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 A Common Pitfall of Summer Break: Summer Learning Loss

By Amanda Setlak, Ph.D.

Boy with head in hands, looking overwhelmed while studying

​​​​In the eyes of a child, summer break means no more early bedtimes, homework and long days in class. Kids dream and fantasize about playing with their friends and limited daily expectations, and at the same time, parents can take a break from checking over homework and the morning rush. While summer break should be a time to relax and have a little fun, it should not be a complete break from learning.

Just because your child is moving on to the next grade, it does not mean they will retain everything they learned over the past year. If we remembered everything we learned throughout our lives, then we wouldn’t need to use Google to search up random facts we can’t remember! As the saying goes, use it or lose it.

The Reality of Summer Learning Loss

Nearly all students show a decline in test scores from the beginning of summer compared to the end of summer. On average, students lose:

  • 2.6 months of math computations skills
  • 1 to 2 months of reading skills

Students show declines in all core subjects, but learning loss is more significant in math computation and spelling. This is likely due to the factual nature of these subjects, as factual information is more easily forgotten if not practiced regularly. Additionally, parents are more likely to enforce continued reading over the summer as compared to spelling and math. Though some students suffer from summer learning loss more than others, a continued focus on education should be an integral part of summer break. Boys Town Behavioral Health recommends the following strategies.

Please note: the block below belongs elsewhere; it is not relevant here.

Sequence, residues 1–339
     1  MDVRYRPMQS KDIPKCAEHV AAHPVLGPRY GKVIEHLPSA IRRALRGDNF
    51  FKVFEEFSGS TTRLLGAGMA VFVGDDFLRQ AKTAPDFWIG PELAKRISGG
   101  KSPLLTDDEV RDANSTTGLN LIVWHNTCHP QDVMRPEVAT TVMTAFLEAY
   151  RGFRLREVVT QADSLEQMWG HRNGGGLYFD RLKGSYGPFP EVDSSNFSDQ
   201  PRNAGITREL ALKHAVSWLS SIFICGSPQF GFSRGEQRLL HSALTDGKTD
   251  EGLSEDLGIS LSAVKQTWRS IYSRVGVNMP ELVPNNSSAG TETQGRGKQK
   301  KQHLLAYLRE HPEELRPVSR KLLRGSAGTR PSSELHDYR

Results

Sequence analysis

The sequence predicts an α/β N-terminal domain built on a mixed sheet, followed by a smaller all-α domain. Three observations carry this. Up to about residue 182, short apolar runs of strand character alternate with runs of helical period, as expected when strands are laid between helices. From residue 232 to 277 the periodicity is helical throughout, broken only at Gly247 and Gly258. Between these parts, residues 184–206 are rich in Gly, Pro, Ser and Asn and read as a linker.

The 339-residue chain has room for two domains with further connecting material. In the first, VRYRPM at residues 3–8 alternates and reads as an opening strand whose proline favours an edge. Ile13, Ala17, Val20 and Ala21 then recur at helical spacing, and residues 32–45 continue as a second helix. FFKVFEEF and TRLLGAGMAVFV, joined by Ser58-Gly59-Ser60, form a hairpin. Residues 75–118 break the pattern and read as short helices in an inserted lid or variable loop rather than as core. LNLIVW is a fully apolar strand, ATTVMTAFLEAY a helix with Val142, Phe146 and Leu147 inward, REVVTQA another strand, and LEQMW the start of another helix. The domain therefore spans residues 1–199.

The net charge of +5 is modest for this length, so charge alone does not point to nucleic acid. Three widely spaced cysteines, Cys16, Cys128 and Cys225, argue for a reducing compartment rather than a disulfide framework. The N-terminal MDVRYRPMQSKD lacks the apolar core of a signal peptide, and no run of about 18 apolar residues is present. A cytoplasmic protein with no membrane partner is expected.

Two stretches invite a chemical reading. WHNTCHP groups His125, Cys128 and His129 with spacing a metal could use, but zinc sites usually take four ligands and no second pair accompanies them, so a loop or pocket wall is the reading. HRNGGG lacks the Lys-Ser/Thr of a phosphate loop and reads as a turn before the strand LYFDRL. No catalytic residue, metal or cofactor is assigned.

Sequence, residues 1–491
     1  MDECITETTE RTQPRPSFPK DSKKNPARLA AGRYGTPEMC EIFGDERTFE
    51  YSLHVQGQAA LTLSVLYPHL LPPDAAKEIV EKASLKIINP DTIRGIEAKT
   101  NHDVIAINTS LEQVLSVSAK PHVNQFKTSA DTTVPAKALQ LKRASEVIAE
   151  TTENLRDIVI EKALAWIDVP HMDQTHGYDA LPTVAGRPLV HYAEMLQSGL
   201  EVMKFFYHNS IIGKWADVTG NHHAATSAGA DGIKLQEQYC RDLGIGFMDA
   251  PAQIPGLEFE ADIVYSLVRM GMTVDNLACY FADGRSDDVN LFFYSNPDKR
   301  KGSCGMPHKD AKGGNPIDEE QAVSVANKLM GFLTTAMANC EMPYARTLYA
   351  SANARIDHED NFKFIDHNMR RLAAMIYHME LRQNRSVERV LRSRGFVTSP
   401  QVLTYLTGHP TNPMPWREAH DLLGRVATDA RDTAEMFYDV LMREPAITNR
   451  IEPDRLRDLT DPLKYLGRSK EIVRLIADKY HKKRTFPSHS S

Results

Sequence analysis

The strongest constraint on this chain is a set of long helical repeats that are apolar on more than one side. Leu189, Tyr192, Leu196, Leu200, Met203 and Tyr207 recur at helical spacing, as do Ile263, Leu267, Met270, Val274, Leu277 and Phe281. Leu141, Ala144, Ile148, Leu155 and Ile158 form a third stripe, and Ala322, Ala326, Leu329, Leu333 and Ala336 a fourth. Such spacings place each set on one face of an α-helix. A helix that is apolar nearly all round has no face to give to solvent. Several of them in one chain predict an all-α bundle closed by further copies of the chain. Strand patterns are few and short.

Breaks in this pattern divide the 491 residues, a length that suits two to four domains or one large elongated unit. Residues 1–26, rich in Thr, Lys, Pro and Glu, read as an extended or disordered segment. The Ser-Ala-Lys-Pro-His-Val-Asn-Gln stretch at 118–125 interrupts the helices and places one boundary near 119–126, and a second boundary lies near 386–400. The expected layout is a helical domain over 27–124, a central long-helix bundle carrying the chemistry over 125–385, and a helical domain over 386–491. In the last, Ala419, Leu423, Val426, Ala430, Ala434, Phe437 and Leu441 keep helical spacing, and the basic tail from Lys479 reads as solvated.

Strategies to Stay Ahead of Summer Learning Loss

  • Get a Head Start. If your child struggled significantly over the past school year, summer is the best time to try to address these concerns. Do not wait until the next year and instead, get a jump start on learning concerns.
  • Engage. Promote learning at all times and place a priority on skill maintenance by integrating learning and teaching into daily experiences to foster curiosity. Focus on the basics of reading, math, and spelling for at least 30 minutes a day; especially if your child is in elementary school. For older children, focus on the areas in which they struggled and add in daily or weekly reviews. Answer questions by working and researching together to find answers. Check community calendars, look into activities at the public library, and find grade-level workbooks and activities on the Internet.​
  • Summer School and Learning Programs. If you think summer school may benefit your child, talk to your child’s teacher to see if he or she qualifies and if your school offers a summer program. Other learning programs are also available, like the Boys Town Learning Academy, where the focus on remediation of learning problems through individualized interventions are developed by a staff of school psychologists. Call (531) 355-3358 for more information.